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Discovery once meant sailing right up to the edges of the known
world, clutching maps whose imagery stopped cold at the frontiers,
then venturing into unexplored terrain beyond. We're running out of
places to conquer, forcing us to delve into the microscopic and the
faraway, searching for new lands in the depths of the sea and the
outer reaches of the galaxies. Digital maps, GPS and Google Earth (which now includes the
oceans, sky and outer space) have greatly extended the range of
armchair explorers, allowing them to plunge into an undersea abyss,
stroll around Mars or Marseille or visit every crater on
the Moon on a computer screen.
The old way of mapping: detail of a 1865 topographical map of
New York City. (Wikimedia
Printed maps required a traveler to possess a certain degree of
graphic literacy; decoding and understanding the visual language of
scale, icons, symbols, color systems and abbreviations took a
little work. Plotting a trip held few surprises, except maybe for
the pleasant realization that a destination was much closer than
you thought, or the shock of finding a mountain range squarely in
your path. Expectations were either met or exceeded upon arrival,
when you first encountered the sights and smells and unfamiliar
beds of your destination.
On computer maps, surprise often comes down to: what the heck
will I get if I click on that icon? Their graphic systems are
harder to decipher with consistency, since clicking on a single
icon may lead to multiple unexpected results. The experience is by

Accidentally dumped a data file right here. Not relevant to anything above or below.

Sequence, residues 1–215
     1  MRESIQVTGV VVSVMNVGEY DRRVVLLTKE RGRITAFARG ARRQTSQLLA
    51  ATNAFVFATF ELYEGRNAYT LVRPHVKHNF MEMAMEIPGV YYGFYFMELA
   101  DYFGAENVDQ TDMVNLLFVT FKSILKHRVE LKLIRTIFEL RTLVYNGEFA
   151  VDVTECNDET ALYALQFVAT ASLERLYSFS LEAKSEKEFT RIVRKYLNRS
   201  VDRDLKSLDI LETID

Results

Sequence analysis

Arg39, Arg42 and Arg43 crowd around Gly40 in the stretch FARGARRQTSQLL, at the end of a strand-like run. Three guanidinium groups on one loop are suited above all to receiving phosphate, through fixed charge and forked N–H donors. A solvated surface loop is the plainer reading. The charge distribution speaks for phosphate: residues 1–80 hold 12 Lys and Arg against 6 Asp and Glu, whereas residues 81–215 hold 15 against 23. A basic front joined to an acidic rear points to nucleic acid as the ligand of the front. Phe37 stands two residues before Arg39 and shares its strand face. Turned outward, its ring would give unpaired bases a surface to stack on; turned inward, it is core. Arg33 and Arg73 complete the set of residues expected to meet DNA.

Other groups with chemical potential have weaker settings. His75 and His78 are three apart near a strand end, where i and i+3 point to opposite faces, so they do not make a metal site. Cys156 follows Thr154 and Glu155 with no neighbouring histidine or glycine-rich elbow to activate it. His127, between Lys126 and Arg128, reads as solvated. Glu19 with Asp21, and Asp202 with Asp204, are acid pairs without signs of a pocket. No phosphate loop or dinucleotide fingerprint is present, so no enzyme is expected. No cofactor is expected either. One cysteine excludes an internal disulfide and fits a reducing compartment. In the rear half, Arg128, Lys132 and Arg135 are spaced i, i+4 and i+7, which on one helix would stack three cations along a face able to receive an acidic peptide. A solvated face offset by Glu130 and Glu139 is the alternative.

turns frustrating and delightful, introducing an absurd element of
discovery to the cartographic realm. Along with the promise of
knowledge, guidance and entertainment comes visual clutter and
disappointment, prospects raised and hopes dashed.
Today: an aerial view of the AIGA National Design Center in New
York on Google Earth.
The wealth of icons scattered everywhere atop Google Earth's
view of the planet offers up a tantalizing amount of additional
visual information and text, anchored directly to its physical
coordinates. Like the litter that fills our landscapes and oceans,
there is so much linked data; if you make the icons visible for
every available option in Google Earth's Layers palette, you almost
can't see the terrain. Activate one of the inscrutable blue squares
on the Panaramio layer and a glorious photo might pop up. Then,
alas, you also might get a
3-D rendering of the location. Instead of an image of a grand French
château, you may be presented with something reminiscent of a
video game. You could see a random detail shot of the
locale, or an image of someone's prized new car
dominating the foreground, the scenery becoming an incidental
backdrop for conspicuous consumption. It can start to feel like a
relative's vacation slideshow, browsing through many images that
tell you very little.
Aerial view of New York City from 1854. (Norman B. Leventhal
Map Center, Boston Public Library)
On the flip side, the digital discovery process is often
tremendously rewarding as well, leading to happy surprises from the
highbrow to the low. An icon positioned near the front door of the
Madrid, leads to a gallery of 14 masterpieces scanned in such
high definition that zooming in reveals the texture of the canvas
in razor focus. When I clicked a random icon in the ocean off the
western coast of Panama, it called up an irresistible BBC video
floating crabs. Who knew crabs could be charming? (Or that they
In addition to the power to fly through earth and space, digital